Workshop: Sustainable activism: How to avoid becoming burnt out as an activist
One of the biggest challenges in the social change movement is maintaining activists. More often than not there are too few people who are committed to seeing an issue or campaign through. While there are a number of reasons for this, including competing commitments and changing personal circumstances, a major reason is one which is rarely spoken
about – burn out. This can, however, be avoided if those participating in social change
activism better equip themselves and their fellow activists to deal with the situations they might encounter as they go about their activism
This workshop will introduce some of the basic concepts of sustainable activism drawing on the work done by Hilary Rettig, Pattrice Jones and Melanie Joy, and others.
It aims to identify the impact our activism has and take a proactive approach to how we deal with any problems which we may encounter by introducing the concepts of building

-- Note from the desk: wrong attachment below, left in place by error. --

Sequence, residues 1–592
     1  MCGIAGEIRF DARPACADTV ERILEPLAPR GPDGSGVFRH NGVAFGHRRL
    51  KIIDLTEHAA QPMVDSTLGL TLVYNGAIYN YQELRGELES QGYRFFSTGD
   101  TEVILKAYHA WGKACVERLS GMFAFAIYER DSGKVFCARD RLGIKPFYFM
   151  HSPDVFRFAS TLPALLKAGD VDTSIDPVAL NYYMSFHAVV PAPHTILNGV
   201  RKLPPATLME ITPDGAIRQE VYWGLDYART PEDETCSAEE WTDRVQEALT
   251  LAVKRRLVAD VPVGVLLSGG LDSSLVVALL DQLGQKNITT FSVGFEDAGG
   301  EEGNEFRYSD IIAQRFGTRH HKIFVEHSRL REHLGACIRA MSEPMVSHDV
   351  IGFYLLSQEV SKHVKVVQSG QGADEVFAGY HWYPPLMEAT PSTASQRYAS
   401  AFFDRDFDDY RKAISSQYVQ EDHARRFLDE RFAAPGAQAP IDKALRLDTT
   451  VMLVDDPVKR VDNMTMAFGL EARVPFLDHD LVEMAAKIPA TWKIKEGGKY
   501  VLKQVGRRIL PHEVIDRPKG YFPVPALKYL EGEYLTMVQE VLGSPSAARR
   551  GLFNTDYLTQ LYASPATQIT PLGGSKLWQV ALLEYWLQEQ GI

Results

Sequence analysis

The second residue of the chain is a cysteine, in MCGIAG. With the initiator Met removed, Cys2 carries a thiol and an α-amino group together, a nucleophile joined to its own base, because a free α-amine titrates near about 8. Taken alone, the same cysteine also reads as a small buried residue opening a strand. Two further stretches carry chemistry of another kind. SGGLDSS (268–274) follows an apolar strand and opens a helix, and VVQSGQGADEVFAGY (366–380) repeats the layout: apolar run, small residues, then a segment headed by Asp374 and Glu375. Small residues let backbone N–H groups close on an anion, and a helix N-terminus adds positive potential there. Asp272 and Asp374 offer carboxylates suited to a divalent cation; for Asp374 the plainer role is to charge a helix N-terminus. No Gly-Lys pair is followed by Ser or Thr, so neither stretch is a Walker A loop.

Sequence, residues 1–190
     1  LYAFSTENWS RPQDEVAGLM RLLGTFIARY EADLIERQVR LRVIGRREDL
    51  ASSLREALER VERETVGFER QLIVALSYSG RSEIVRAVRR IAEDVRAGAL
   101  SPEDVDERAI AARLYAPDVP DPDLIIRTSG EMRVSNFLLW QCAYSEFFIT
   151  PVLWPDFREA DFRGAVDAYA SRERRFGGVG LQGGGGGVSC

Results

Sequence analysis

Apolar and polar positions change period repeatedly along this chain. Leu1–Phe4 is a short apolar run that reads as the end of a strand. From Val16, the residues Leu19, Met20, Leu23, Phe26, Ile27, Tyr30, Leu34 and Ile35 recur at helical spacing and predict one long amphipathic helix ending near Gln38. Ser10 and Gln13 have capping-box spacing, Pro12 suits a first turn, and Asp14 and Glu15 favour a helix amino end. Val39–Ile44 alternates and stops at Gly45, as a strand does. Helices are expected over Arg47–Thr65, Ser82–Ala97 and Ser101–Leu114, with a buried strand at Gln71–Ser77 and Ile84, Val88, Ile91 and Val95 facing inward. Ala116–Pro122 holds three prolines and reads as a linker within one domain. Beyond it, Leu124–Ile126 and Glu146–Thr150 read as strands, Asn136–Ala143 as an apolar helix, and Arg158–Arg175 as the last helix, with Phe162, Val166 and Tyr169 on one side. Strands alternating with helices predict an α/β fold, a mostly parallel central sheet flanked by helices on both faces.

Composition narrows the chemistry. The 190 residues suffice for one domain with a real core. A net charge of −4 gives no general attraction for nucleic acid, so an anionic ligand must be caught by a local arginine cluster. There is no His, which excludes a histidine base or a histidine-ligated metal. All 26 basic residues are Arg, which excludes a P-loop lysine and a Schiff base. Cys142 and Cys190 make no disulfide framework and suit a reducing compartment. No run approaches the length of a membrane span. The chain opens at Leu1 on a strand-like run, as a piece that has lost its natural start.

resilience and mindfulness as techniques to avoid burnout.
This workshop draws on my personal journey as an activist and his professional experiences working with social change activists
This workshop is only intended to be a start of a discussion, introducing the concepts to participants.
I have been involved in social change activism since I stopped eating animals on January 1 1994. I have been an active participant in the Australian animal rights movement since February 1994 and continue to work with a number of
organisations on campaigns. In 2001 I established A Poultry Place animal sanctuary in southern NSW, which was one of the very first sanctuaries in Australia devoted to “farm animals” (ie: those that most people only view as food). Since 2003 I have worked as a community organiser with the human rights organisation Amnesty
International, a role which sees me working on a day-to-day basis with volunteer activists in regional and rural centres across NSW.